Text of Treasury OIG’s Response (PDF)
Text of Mass. Lawmakers’ September Letter to OIG (PDF)
POLITICO’s Gary Fineout and Lisa Kashinsky reported on the Treasury Department’s probe. Read the full text:
Treasury Department IG probing DeSantis’ migrant flights
The Treasury Department is examining Florida Gov. Ron DeSantis’ migrant transports and whether the Republican governor improperly used money connected to Covid-19 aid to facilitate the flights.
The agency’s inspector general’s office confirmed to several members of Massachusetts’s Democratic congressional delegation that it planned “to get this work underway as soon as possible” to probe Florida’s spending as part of ongoing audits into how states have used the billions in sent to them as part of the American Rescue Plan, according to a letter provided by Democratic Massachusetts Sen. Ed Markey’s office.
In an Oct. 7 letter to Markey and five House members, Richard K. Delmar, deputy inspector general for the Treasury Department told the lawmakers that the agency would “review the allowability” of Covid-19 aid to states “related to immigration generally, and will specifically confirm whether interest earned on (the) funds was utilized by Florida related to immigration activities, and if so, what conditions and limitations apply to such use.”
There was no immediate response from Treasury officials or the DeSantis administration about the ongoing probe.
Last month, DeSantis used two charter flights to transport nearly 50 Venezuelan migrants from San Antonio to Martha’s Vineyard, a move that sparked widespread outrage among Democrats. DeSantis contended the move was to draw attention to immigration policies of the administration of President Joe Biden, but Democrats accused the Florida governor of using vulnerable migrants in a political stunt. Biden called DeSantis’ flights “reckless” and several Democrats, including California Gov. Gavin Newsom, have called on the Justice Department to investigate DeSantis’ flights.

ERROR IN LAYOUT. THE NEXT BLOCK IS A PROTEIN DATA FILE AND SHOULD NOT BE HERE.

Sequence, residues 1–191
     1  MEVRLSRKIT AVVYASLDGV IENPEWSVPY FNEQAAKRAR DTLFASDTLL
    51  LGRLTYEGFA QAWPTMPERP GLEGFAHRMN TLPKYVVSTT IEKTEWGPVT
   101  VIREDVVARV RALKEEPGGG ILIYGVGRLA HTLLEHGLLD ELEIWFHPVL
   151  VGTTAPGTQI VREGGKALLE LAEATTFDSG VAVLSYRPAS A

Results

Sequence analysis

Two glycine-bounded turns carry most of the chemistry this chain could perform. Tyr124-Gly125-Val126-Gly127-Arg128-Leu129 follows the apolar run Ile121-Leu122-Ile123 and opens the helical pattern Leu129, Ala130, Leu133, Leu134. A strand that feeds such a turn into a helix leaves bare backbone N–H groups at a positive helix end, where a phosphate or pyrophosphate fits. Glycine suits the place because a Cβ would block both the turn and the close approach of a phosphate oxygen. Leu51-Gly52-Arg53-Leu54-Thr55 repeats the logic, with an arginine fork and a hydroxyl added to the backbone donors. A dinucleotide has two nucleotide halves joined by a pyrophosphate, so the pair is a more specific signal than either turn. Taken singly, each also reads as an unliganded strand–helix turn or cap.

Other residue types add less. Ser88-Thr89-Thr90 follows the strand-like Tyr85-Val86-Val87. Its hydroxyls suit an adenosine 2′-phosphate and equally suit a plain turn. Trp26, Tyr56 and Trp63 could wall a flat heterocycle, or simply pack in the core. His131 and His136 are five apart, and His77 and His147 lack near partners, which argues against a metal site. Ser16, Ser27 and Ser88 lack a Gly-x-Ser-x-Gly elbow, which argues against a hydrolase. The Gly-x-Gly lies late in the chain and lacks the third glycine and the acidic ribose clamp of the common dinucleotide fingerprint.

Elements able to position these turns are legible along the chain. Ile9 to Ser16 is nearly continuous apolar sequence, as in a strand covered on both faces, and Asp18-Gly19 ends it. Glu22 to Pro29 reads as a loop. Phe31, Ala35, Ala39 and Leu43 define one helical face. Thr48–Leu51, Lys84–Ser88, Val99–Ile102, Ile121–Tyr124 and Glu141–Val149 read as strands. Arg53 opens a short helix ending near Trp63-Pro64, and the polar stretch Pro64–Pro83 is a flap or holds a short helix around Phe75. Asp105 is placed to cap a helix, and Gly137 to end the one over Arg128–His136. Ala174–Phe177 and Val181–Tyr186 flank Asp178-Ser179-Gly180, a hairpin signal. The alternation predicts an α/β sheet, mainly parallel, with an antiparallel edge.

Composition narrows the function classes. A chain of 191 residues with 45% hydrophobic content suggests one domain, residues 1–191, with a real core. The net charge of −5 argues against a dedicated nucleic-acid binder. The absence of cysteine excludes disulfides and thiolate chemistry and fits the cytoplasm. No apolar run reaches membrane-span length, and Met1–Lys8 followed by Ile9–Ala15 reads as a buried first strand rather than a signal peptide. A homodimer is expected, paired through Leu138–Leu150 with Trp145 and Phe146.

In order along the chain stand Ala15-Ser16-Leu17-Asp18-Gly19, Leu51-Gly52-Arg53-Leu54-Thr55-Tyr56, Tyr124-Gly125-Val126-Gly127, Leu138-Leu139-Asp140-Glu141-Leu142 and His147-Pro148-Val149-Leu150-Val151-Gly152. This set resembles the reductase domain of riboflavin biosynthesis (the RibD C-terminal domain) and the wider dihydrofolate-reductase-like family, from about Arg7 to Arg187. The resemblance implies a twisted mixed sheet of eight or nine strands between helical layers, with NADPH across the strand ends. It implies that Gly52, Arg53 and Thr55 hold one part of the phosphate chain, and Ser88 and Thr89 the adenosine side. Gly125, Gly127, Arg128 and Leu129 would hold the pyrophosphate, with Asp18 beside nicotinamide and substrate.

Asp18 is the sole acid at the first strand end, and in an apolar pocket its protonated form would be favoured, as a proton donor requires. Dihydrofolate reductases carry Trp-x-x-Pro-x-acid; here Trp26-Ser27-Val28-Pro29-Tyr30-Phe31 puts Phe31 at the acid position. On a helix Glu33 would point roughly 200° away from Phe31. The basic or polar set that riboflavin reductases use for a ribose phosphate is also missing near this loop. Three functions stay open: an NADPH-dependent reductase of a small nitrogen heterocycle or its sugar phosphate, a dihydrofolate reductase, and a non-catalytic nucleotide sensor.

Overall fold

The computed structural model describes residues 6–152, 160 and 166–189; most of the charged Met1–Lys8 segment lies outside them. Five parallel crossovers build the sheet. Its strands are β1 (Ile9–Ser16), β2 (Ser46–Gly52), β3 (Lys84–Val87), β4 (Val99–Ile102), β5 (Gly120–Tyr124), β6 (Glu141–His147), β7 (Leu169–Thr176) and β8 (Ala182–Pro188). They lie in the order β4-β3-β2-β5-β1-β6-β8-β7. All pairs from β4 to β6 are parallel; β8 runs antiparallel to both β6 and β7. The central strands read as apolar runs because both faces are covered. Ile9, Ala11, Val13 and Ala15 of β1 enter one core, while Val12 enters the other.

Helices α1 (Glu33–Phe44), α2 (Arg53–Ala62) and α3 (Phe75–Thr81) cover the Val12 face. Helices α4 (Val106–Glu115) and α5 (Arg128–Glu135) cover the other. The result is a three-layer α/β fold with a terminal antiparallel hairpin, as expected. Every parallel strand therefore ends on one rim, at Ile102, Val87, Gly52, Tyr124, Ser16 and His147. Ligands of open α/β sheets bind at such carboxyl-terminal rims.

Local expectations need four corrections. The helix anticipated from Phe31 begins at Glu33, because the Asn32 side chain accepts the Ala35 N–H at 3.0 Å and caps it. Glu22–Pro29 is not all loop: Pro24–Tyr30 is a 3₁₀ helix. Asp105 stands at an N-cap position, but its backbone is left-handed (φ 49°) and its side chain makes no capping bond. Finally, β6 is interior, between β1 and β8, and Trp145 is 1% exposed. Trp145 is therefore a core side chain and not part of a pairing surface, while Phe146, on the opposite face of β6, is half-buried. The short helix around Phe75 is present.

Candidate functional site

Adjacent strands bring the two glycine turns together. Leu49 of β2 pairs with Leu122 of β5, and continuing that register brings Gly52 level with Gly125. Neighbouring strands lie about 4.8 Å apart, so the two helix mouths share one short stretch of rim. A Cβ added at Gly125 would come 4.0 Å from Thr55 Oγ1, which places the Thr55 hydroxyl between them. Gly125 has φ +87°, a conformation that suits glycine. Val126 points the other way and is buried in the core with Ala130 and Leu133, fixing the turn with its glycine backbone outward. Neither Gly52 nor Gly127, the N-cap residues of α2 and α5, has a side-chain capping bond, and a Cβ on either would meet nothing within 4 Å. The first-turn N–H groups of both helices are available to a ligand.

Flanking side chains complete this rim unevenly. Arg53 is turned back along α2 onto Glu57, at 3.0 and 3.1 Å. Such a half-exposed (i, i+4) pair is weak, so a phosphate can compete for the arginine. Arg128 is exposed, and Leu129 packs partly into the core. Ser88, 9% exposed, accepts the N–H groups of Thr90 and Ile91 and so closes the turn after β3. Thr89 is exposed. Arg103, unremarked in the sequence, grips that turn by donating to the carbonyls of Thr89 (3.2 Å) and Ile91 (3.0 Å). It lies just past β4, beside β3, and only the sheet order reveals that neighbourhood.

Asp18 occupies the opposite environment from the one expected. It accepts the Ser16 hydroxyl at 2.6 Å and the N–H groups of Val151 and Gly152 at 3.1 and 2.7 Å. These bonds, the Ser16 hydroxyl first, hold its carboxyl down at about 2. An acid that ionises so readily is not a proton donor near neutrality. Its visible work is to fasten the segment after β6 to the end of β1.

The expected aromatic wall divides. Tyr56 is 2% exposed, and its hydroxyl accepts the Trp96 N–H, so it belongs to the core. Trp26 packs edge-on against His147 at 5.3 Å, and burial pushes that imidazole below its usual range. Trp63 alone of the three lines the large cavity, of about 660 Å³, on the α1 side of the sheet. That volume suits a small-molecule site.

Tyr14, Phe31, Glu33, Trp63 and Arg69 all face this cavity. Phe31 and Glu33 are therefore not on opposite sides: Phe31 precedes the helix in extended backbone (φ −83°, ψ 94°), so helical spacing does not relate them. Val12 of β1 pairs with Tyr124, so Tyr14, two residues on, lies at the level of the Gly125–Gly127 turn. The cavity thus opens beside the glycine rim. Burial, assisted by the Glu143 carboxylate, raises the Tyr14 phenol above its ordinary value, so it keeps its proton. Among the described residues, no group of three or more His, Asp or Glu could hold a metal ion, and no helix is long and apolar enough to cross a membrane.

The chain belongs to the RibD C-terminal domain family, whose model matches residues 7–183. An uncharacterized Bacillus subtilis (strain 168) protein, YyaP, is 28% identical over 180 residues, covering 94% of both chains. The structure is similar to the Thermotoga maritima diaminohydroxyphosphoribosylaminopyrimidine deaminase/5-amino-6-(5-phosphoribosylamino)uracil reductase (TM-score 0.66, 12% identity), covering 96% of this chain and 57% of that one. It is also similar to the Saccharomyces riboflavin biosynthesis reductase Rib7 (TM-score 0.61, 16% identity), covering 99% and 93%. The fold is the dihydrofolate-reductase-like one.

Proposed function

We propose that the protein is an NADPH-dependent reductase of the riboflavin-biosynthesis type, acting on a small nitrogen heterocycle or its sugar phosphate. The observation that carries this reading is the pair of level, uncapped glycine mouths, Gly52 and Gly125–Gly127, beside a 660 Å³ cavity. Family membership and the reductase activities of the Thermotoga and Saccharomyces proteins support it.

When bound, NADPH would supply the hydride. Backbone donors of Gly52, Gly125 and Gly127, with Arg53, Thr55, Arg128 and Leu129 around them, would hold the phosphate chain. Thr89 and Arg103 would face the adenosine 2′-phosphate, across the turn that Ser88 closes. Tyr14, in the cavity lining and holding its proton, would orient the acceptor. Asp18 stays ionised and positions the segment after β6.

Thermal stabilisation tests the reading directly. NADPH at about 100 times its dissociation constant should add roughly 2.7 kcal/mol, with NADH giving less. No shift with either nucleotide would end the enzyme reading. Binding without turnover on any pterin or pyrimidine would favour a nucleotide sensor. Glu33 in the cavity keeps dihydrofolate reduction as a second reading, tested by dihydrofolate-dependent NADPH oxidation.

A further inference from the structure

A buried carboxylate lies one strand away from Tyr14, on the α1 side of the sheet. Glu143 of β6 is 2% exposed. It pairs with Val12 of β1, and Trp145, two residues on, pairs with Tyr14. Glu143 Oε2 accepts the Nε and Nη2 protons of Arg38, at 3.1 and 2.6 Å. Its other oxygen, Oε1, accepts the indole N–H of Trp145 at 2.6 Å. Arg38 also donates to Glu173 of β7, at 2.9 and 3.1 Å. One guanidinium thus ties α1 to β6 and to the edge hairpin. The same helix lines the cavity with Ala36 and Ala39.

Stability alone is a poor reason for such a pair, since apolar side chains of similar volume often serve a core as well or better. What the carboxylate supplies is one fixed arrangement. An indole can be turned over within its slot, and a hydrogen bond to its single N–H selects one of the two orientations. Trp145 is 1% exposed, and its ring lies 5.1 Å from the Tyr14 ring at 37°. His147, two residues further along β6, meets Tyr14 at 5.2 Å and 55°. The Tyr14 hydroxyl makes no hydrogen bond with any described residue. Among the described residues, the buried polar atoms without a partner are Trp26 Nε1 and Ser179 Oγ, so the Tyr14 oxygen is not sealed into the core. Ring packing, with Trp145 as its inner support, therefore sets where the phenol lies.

Several groups have filed legal challenges to stop Florida from facilitating more transports, and a Texas sheriff is currently probing the flights. But the Treasury letter marks the first time federal authorities have acknowledged they’re looking into the transports.
Florida did not directly use federal Covid-19 funds to transport the migrants. But state legislators earlier this year directed that $12 million in interest earned off Covid-19 aid be used to pay for the transport of “unauthorized aliens from this state.” So far, Florida paid a Panhandle-based company $1.56 million to fly migrants but DeSantis has vowed to continue transporting them to Blue strongholds.
Markey applauded the Treasury’s “swift response,” a spokesperson for the Massachusetts Democrat said. Markey also, in a tweet, lauded the department for confirming it would investigate DeSantis’ “use of Covid relief funds to cruelly transport migrants from Texas to Martha’s Vineyard under false pretenses and without any consideration for their personal dignity or basic needs.”
Markey late last month asked Transportation Secretary Pete Buttigieg to investigate whether DeSantis’ migrant charter flights broke the department’s rules by allegedly misleading those on board.
The letter from Delmar does not provide any timeline for how long it would take for the inspector general’s office to review the spending by Florida, although it notes that auditors had “already sought information from Florida” about how it has spent Covid-19 aid. DeSantis and the Republican-controlled Legislature have used American Rescue Plan money on a wide array of programs, including bonuses for first responders and a month-long gas tax holiday.
“We plan to get this work underway as quickly as possible, consistent with meeting our other oversight mandates and priorities, both in pandemic recovery programs as well as the other Treasury programs and operations for which we have responsibility,” states the letter from Delmar. “We are also monitoring legislative and judicial challenges to the use of the funds for this purpose; such developments may affect the scope and timing of our review.”